I’m not sure where our ruthlessness comes from, but I can tell you that I am one heck of a Connect Four player due to the fact my late grandfather would never “let” anyone win, not even a 6 year old. If anyone beat him (which was rarely) it was an honest win. I will admit to proudly continuing that tradition, and I have never let the Munchkin win at anything just to soothe his ego.

We are probably at our worst when playing board/party games. Perhaps it is the proximity to our competitors, being all crammed in around a table. For whatever reason, our Italian heritage comes on full display with waving hand gestures, open-palm slaps to the forehead, and deafening yells of both triumph and defeat. My sister and I are practically unbeatable as Pictionary partners, she once guessed that I drew a dryer when I only drew a box with a circle on top. My dad almost always wins at Trivial Pursuit. My husband and I have the winning record as Scattergories partners. It gets really ugly when we play Uno. I don’t even want to talk about it.  The flashbacks!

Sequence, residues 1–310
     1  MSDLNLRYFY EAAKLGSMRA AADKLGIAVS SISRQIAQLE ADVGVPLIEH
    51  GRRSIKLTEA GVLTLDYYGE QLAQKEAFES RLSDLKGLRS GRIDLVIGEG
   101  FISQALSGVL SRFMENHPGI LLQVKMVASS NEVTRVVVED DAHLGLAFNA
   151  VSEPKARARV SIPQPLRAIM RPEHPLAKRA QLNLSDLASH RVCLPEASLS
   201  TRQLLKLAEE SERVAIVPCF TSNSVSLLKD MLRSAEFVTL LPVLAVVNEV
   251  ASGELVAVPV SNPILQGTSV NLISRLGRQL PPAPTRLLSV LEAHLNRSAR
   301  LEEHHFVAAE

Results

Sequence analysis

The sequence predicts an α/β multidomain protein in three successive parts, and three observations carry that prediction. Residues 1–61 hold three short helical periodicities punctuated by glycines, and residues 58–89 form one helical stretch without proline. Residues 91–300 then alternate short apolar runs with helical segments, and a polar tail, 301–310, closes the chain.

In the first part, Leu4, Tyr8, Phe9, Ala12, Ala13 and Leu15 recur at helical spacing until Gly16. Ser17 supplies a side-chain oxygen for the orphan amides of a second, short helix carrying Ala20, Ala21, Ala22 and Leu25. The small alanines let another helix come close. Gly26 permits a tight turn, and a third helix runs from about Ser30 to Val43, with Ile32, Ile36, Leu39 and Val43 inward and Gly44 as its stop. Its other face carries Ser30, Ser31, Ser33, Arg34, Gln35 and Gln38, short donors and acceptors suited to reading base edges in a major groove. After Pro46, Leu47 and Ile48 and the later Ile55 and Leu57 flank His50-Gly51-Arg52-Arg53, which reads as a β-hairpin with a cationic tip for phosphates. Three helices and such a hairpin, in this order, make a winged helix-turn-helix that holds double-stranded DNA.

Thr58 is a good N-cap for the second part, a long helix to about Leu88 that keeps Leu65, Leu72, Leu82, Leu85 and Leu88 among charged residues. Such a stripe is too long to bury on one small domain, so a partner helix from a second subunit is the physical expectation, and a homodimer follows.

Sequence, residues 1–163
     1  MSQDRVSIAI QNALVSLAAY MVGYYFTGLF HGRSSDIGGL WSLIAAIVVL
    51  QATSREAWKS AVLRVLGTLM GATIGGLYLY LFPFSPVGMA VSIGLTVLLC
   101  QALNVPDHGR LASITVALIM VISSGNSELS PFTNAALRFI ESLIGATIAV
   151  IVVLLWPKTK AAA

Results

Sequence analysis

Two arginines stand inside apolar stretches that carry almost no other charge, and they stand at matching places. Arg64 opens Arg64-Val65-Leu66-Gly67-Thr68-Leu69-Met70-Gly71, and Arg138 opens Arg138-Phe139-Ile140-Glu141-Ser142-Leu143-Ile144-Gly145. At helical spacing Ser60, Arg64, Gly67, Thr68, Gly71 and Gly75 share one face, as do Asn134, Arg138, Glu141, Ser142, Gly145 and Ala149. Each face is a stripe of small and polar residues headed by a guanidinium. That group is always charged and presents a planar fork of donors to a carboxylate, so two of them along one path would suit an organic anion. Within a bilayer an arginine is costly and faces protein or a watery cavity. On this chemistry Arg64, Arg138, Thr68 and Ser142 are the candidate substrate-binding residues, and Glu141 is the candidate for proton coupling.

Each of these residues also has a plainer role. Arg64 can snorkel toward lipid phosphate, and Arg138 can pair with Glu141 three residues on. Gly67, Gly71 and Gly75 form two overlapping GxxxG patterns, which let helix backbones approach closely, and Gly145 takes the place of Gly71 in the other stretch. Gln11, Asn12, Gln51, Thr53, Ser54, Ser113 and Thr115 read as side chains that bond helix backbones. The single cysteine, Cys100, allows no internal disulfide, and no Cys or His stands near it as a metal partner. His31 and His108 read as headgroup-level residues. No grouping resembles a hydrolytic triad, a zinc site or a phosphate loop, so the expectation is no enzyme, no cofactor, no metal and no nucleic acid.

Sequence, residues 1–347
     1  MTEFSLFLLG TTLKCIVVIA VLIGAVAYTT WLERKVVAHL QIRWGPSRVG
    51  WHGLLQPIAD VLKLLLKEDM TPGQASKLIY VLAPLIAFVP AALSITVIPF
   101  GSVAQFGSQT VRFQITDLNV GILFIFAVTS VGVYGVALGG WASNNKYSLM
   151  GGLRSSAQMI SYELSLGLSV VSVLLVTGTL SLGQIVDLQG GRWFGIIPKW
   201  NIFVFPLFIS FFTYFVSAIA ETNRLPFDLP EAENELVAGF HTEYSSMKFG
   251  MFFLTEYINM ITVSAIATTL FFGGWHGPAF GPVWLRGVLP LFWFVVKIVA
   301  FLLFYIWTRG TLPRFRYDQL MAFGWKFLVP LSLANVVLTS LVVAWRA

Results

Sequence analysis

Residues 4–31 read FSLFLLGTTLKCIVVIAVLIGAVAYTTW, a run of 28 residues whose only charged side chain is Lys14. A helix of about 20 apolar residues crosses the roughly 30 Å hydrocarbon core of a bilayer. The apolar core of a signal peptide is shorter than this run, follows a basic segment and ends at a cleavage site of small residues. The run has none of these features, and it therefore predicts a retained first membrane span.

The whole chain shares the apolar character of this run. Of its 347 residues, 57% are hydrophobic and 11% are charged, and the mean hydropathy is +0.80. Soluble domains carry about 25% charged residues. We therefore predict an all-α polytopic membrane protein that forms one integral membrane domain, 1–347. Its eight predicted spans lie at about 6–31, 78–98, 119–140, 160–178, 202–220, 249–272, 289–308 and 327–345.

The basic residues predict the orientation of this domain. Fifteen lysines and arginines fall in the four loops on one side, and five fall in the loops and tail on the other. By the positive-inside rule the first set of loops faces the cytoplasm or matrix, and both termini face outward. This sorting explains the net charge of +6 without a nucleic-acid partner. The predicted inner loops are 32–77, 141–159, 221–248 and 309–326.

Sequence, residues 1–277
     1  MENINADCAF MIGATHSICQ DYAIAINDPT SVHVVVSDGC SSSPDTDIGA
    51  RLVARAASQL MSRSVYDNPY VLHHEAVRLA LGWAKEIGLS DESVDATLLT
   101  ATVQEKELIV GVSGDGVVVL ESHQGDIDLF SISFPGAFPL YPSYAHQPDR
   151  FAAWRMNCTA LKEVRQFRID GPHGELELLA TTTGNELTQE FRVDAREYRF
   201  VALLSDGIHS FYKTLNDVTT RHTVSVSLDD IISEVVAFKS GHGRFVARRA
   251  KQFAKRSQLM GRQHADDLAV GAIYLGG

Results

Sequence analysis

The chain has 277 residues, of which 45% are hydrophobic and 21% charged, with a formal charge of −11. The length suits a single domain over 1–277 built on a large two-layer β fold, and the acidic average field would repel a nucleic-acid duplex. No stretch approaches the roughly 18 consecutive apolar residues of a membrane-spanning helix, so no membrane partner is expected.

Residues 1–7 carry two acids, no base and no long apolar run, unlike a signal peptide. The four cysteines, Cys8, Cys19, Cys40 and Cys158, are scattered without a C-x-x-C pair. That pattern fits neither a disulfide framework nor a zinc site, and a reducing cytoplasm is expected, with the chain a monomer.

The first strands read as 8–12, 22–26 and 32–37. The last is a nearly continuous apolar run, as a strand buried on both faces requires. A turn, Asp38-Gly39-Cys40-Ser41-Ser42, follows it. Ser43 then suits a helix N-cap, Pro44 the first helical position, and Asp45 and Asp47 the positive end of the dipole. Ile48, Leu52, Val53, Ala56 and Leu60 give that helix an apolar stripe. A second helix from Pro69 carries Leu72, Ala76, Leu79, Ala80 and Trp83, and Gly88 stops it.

A good time is had by all when my family bonds together over games, and that is exactly what we are doing. You really get to know a person when you play a game with them. Whether you discover a short fuse, or get an intimate earful of their highest decibel capability, it is something to remember. Of course, the most fun is winning, then you get to rub it in. At least until the next time.

Oh, By the Way…

Wednesday, December 29th, 2010
By Glinda


Reddit via

Life with a Young Child

Wednesday, December 29th, 2010
By Glinda

Can kind of suck sometimes.

Yeah, there’s the adorable factor with their big eyes and chubby cheeks and cute babbling.

But sometimes the cute can only take you so far.

Then you’ve got to also contend with the thinking that running out into the street is a good idea, that everything on the floor should be shoved as quickly as possible into one’s mouth while running the opposite direction of the parent, the extreme sport that has become diapering, and complete refusal to sleep on one’s own in one’s own crib.